Considerable efforts have been made in recent years to refine principles of quality and safety in radiation therapy, and a number of reports on safety in radiation therapy have been published in the last 10 y. However, the guidance provided is generally piecemeal and lacks overall coherence. Hence, the Committee will develop a statement that will provide guidance concerning the methodologies for error prevention, including prospective and retrospective techniques. The intent is to provide an integrated set of quality and safety recommendations on both internal and external assessment of a radiation therapy department in terms of quality and safety. The document will be of value to radiotherapy departments as a source of internal practice improvement initiatives, to facilities for the assessment of accreditation readiness, and to external reviewers for accreditation purposes.
To enumerate the necessary program components for error prevention in radiation therapy and to delineate objective characteristics of a safety-focused radiotherapy department.
STEVEN G. SUTLIEF
is currently a medical physicist with the Banner MD Anderson Cancer Center in Phoenix, Arizona and an adjunct professor at San Diego State University. He received his PhD in experimental particle physics from the University of Washington and subsequently completed a post-doctoral fellowship in radiation therapy medical physics at the University of Washington with research in intensity modulated radiation therapy. He has been chief medical physicist at the Veterans Affairs (VA) Puget Sound Health Care System in Seattle and an affiliate faculty member in the University of Washington School of Medicine, a professor at the University of California San Diego and a medical physicist with Landauer Medical Physics. Dr. Sutlief worked to advance radiation therapy within the VA, including agency-wide radiotherapy equipment modernization, radiotherapy device interconnectivity, consultation for the VA National Health Physics Program, participation in several investigations, and development of qualification standards for therapeutic medical physicists. He has coauthored more than 50 articles and book chapters related to therapeutic medical physics. Dr. Sutlief developed and taught the physics curriculum for the Bellevue College Medical Dosimetry program. He has served as a consultant to the International Atomic Energy Agency and as a member of the Radiation Oncology planning group for the Integrating the Healthcare Enterprise. Dr. Sutlief was a Co-organizer for the AAPM Summer School on Quality and Safety in Radiation Therapy and was a faculty member for the Veterans Health Administration Biennial Conference on Radiation Oncology. He actively participates in the American Association of Physicists in Medicine, where he has served on many committees and on several task group reports. He is currently an NCRP Council member.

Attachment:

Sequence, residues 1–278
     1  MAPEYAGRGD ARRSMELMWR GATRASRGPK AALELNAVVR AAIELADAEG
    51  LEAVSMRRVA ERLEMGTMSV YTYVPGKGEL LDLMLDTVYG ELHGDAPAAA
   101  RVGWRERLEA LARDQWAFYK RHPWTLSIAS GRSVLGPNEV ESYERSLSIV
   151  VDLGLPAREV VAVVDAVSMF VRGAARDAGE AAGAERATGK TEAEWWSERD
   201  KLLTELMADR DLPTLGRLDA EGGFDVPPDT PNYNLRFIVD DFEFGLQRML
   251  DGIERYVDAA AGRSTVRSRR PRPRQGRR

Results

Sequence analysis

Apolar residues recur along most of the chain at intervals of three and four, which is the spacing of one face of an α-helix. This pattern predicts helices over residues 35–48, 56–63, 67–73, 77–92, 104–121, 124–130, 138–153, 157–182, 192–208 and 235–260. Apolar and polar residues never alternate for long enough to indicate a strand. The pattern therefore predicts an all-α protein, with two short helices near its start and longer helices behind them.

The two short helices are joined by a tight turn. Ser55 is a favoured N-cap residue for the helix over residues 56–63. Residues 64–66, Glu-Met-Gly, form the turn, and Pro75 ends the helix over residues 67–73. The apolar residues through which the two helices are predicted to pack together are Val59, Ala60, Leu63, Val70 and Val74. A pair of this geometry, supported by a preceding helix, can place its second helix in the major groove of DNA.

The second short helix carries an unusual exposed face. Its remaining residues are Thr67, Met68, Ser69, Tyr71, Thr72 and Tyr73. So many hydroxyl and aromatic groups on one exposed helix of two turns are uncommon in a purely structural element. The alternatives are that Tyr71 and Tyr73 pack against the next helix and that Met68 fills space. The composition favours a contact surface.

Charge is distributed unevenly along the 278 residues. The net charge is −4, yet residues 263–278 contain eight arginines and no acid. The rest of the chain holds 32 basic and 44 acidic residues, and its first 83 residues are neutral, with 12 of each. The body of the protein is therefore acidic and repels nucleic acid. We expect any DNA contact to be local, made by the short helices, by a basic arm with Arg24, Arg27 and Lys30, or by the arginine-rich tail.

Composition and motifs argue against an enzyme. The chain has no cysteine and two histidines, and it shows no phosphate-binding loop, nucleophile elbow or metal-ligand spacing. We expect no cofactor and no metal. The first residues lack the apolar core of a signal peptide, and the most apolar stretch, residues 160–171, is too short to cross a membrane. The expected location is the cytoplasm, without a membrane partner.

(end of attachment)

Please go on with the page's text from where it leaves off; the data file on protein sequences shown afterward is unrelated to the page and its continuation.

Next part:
EDWIN M. LEIDHOLDT, JR.
is currently the Director of the National Health Physics Program, Veterans Health Administration (VHA), U.S. Department of Veterans Affairs (VA). His areas of interest include technical quality assurance and radiation dose management in medical imaging. He is a diplomate of the American Board of Radiology in Medical Nuclear Physics and Diagnostic Radiological Physics and is a Fellow of the American College of Radiology. He received a PhD in Nuclear Engineering, a Master of Applied Mathematics, a Master of Engineering in Nuclear Engineering, and a BS in Nuclear Engineering, all from the University of Virginia. He has served as a Radiation Safety Officer at two VA medical centers, as technical director of nuclear medicine at one, as the Radiation Safety Program Manager for the former VHA Western Region, and as Program Manager for the VHA National Health Physics Program. He is a Clinical Associate Professor of Radiology at the University of California, Davis. He is a co-author of several scientific papers and abstracts, one textbook chapter, and one textbook, in its third edition. He has been a Council member since 2006. He served on the scientific committee that wrote NCRP Report No. 165, Responding to a Radiological or Nuclear Terrorism Incident: A Guide for Decision Makers, and on the committee that prepared NCRP Statement No. 11. Dr. Leidholdt served as a surface line officer in the U.S. Navy from 1971 until 1975.
WAYNE D. NEWHAUSER
is the Director of the Medical and Health Physics Program at Louisiana State University in Baton Rouge, holder of the Dr. Charles M. Smith Chair in Medical Physics, and Chief of Physics at the Mary Bird Perkins Cancer Center. He is a board certified and licensed medical physicist with specialization in advanced-technology radiotherapies. Dr. Newhauser is an expert in proton radiation therapy, dose reconstructions, and risk estimation and reduction. His current research projects seek to improve long-term outcomes of survivors of childhood and adult cancers. He and his multidisciplinary team of collaborators are known for their early use of Monte-Carlo methods and high-performance computing in proton therapy, including neutron shielding, treatment planning, and estimation of stray radiation exposures. He received the Innovation Excellence Award in 2012 in recognition of his laboratory's research involving in-silico clinical trials to compare advanced-technology radiotherapies.